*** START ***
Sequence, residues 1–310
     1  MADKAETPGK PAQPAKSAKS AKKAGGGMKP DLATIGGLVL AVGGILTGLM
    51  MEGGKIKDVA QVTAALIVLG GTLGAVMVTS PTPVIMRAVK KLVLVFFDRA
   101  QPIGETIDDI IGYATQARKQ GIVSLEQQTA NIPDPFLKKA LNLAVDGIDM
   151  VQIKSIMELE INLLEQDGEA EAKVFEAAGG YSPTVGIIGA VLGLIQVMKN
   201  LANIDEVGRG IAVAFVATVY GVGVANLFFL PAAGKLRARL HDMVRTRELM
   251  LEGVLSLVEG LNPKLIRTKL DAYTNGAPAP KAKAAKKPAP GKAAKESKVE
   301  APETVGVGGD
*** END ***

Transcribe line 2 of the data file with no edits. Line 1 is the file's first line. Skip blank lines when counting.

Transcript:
     1  MADKAETPGK PAQPAKSAKS AKKAGGGMKP DLATIGGLVL AVGGILTGLM